Coagulation

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Chapter: Essential pharmacology : Drugs Affecting Coagulation, Bleeding And Thrombosis

Haemostasis (arrest of blood loss) and blood coagulation involve complex interactions between the injured vessel wall, platelets and coagulation factors.


COAGULATION

 

Haemostasis (arrest of blood loss) and blood coagulation involve complex interactions between the injured vessel wall, platelets and coagulation factors. A cascading series of proteolytic reactions (Fig. 44.1) is started by:

 


 

i) Contact activation of Hageman factor: intrinsic system, in which all factors needed for coagulation are present in plasma. This is slow and takes several minutes to activate factor X.

 

ii) Tissue thromboplastin: extrinsic system, needs a tissue factor, but activates factor X in seconds.

 

The subsequent events are common in the two systems and result in polymerization of fibrinogen to form fibrin strands. Blood cells are trapped in the meshwork of fibrin strands producing clot.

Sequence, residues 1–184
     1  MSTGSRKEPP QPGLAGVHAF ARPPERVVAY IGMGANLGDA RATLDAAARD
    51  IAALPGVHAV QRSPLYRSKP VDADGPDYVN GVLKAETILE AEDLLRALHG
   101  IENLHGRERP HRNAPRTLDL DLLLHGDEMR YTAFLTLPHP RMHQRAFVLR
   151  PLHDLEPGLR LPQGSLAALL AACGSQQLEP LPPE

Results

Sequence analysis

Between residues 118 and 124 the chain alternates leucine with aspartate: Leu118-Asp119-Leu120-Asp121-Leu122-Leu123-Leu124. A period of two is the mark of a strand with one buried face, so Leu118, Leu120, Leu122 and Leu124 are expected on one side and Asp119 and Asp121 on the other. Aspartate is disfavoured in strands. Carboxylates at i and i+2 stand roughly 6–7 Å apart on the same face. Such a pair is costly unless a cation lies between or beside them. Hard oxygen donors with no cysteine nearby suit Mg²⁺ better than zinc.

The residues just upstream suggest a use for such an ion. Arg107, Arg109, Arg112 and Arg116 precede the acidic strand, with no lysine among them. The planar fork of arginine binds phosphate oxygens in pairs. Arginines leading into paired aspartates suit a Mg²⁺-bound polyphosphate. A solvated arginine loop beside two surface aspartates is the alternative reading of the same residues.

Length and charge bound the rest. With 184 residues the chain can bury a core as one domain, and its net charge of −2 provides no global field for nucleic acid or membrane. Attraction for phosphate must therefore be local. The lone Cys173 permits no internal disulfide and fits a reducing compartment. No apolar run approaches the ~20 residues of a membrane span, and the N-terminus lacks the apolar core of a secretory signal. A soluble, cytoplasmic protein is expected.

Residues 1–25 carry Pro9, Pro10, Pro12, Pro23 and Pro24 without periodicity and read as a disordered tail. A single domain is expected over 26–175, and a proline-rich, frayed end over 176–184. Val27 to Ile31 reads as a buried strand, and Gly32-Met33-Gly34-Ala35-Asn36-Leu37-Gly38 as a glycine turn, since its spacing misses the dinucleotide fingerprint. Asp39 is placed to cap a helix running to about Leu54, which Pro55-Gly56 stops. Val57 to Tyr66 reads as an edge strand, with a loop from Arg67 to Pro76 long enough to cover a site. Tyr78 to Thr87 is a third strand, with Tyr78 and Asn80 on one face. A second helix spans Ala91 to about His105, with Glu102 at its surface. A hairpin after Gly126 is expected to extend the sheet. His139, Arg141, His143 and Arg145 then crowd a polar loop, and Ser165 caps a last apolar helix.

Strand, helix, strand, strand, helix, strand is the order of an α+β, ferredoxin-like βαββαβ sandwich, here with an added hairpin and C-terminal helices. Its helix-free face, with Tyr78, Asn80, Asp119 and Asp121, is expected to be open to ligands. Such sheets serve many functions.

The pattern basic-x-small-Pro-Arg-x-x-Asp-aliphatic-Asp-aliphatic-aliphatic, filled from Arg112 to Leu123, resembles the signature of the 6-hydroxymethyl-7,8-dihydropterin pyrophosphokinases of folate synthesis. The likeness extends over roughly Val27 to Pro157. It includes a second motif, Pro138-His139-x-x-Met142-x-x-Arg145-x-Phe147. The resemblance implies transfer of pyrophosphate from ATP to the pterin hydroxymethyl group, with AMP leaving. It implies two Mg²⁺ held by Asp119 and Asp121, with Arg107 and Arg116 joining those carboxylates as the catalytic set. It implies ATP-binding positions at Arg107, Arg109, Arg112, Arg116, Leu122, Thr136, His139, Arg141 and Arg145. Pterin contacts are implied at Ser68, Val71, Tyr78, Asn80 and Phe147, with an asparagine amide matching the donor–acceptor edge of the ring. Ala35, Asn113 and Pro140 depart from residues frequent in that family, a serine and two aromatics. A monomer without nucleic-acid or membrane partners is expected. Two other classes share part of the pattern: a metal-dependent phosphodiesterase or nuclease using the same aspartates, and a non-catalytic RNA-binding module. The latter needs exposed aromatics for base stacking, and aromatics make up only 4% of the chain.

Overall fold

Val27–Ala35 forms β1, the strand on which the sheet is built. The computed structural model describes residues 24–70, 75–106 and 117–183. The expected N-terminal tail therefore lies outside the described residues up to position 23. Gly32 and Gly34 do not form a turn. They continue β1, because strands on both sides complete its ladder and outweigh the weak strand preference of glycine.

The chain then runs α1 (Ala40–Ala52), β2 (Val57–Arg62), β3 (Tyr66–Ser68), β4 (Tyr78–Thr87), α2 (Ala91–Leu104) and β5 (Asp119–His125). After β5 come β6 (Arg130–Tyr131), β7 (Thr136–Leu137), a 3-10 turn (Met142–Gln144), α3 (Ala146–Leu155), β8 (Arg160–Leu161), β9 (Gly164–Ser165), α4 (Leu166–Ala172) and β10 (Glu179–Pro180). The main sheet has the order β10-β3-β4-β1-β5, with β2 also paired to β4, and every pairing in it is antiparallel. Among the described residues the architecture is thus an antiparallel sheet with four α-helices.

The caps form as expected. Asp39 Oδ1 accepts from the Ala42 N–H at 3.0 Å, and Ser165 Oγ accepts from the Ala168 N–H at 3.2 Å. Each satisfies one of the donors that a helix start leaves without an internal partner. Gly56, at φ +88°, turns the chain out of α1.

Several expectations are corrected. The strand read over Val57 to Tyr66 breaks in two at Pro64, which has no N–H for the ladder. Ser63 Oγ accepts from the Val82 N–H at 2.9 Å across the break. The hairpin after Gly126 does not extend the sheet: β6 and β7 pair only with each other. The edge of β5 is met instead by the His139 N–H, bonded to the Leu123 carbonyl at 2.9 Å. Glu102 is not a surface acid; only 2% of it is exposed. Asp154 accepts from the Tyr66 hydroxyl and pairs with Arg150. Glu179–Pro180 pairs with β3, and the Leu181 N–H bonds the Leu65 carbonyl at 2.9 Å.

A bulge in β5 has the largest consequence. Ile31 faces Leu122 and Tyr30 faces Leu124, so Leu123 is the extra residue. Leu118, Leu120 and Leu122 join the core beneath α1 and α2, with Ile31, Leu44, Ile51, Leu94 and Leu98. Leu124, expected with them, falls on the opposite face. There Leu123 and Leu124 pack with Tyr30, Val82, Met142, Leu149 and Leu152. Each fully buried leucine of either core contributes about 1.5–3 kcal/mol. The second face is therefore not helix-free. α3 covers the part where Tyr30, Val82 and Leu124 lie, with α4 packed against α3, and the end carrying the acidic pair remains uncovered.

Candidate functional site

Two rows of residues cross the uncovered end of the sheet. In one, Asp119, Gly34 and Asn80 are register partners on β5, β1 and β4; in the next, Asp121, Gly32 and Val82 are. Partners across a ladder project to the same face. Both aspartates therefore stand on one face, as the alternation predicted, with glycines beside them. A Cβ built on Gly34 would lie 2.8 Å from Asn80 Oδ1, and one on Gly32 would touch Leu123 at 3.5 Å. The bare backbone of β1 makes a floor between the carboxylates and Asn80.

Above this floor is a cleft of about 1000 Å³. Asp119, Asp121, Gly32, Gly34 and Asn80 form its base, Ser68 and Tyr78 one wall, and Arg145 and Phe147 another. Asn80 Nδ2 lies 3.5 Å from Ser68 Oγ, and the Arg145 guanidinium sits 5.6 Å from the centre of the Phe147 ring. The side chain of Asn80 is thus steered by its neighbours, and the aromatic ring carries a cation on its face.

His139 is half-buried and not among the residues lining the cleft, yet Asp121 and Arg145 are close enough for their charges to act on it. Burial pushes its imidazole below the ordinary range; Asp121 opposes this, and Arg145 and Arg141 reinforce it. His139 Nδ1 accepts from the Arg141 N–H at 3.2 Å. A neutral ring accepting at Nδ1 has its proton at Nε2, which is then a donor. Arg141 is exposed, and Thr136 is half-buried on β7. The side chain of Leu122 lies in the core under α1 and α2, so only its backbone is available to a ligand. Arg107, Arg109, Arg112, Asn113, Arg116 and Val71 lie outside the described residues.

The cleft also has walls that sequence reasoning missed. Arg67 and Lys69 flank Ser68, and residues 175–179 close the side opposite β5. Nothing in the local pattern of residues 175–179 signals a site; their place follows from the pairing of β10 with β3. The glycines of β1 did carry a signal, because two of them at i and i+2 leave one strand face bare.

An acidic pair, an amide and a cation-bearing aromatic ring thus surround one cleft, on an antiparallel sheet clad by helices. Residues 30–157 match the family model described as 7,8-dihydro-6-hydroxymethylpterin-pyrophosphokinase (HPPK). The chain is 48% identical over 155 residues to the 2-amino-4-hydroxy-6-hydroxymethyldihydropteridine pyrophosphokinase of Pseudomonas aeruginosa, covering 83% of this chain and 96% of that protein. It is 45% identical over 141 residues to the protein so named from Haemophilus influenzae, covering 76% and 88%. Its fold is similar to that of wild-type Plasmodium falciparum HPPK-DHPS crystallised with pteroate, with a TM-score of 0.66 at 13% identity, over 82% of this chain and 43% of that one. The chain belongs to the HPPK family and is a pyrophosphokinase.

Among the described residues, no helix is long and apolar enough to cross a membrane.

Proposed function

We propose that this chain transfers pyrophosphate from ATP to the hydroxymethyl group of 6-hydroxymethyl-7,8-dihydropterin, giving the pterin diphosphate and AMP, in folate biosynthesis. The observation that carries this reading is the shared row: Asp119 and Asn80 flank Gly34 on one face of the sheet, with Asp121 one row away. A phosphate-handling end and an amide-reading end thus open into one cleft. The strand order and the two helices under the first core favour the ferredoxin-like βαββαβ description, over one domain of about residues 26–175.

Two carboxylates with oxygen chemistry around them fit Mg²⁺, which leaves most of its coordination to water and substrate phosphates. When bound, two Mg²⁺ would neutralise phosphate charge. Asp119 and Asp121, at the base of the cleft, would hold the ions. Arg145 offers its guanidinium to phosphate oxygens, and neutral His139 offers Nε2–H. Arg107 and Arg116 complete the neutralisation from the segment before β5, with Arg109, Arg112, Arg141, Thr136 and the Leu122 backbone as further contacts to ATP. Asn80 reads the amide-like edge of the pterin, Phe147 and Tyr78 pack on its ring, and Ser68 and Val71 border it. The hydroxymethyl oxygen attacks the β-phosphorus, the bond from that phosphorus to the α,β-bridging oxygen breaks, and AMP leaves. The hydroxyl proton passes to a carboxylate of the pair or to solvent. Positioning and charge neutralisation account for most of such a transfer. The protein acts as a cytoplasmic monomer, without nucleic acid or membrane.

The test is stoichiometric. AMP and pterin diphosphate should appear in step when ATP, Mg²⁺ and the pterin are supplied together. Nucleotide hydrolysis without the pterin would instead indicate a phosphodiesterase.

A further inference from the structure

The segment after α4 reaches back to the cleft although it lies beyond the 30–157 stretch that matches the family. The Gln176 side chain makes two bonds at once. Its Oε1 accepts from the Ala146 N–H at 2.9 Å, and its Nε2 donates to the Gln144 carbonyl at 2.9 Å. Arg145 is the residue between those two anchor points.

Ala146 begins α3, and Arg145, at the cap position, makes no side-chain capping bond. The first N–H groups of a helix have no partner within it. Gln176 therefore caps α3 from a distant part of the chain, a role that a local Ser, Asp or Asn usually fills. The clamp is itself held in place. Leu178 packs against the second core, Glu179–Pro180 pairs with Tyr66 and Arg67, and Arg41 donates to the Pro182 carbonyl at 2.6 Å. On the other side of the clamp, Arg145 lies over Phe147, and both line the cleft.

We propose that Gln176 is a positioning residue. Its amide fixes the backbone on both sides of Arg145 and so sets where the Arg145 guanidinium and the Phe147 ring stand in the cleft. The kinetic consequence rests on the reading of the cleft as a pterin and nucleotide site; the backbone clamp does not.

Two in vitro tests ‘activated partial thromboplastin time’ (aPTT) and ‘prothrombin time’ (PT) are employed for testing integrity of the intrinsic, extrinsic and common pathways of the coagulation cascade. The results are interpreted as:

 


 

Most clotting factors are proteins present in plasma in the inactive (zymogen) form. By partial proteolysis they themselves become an active protease and activate the next factor. In addition to its critical role in cleaving and polymerizing fibrinogen, thrombin activates many upstream factors (especially f. XI, VIII and V) of the intrinsic and common pathways—amplifying its own generation and continuation of clot formation. It is also a potent activator of platelets.

 

On the other hand, factors like antithrombin, protein C, protein S, antithromboplastin and the fibrinolysin system tend to oppose coagulation and lyse formed clot. Thus, a check and balance system operates to maintain blood in a fluid state while in circulation and allows rapid haemostasis following injury.

 

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